And so that pushed me last week into getting more creative and to put pressure on my reasons for using blogging with this group. I came up with an exercise in collective intelligence ( a bit like Open Space work with lots of stickies and newsprint stuck to the walls) to demonstrate the power of conversation to find, grow and complicate ideas through connecting, questioning, and finding relationships between their thinking and that of others. They were floored by the difference between the ideas they had come up with on their own the night before and what happened to those ideas once pushed up against those of their peers–they had to clarify, build, and defend their stances. We talked about how doing the same kind of collective, connected work online while they were wrestling with reading and writing could help them deepen and contextualize their ideas, and in turn to get pretty darn excited about what and how they were learning. We’ll see over the next few weeks what this blogging-as-conversation experience will do for them as learners across disciplines and media and how it will help them as writers in traditional modes.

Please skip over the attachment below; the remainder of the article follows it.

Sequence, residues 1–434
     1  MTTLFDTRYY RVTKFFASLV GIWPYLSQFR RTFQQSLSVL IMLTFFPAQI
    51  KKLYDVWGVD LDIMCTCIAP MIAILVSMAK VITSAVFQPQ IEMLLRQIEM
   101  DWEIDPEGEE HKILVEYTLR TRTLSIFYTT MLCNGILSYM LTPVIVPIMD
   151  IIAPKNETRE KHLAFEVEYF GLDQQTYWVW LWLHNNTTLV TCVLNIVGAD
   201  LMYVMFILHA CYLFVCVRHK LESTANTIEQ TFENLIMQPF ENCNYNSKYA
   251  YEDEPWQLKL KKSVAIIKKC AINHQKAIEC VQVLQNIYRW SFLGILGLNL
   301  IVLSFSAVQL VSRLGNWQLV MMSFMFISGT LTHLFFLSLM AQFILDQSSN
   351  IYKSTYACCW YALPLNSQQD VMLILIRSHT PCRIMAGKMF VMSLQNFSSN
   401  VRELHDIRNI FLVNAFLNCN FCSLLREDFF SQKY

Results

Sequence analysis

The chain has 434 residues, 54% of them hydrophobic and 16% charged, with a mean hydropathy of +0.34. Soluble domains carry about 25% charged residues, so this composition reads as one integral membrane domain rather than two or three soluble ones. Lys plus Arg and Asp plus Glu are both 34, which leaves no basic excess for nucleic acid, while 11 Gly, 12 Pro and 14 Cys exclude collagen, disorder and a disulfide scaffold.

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Meanwhile, last spring’s creative writing class, an avid blogging group during the semester, is finding their way back to one another, to their own blogs and to the group blog. They miss the collective. It’s interesting that when they are away over the summer, they are too busy to blog, but when they are together, back on campus, they want that kind of deep, connected interaction.

And the Blogging the World group is up and running from Cairo, Damascus, Paris, London, Florence. One student now in Cuba, who blogged in class but is NOT from his semester abroad, explained to me, when I commented that his email missives were so compelling that I wished he had a blog so that more people could read about his experiences, that he wants to make sure that people do read him–and so he likes to flood email boxes instead of leaving it up to his readers–the ones he values– to find him on the blogs. These are readers unlikely to use RSS or bookmarks. Interesting. He’s afraid they’ll forget him (out of email box, out of mind…) And because we have filters here that do not allow the email pinging with blogposts, he makes an interesting point.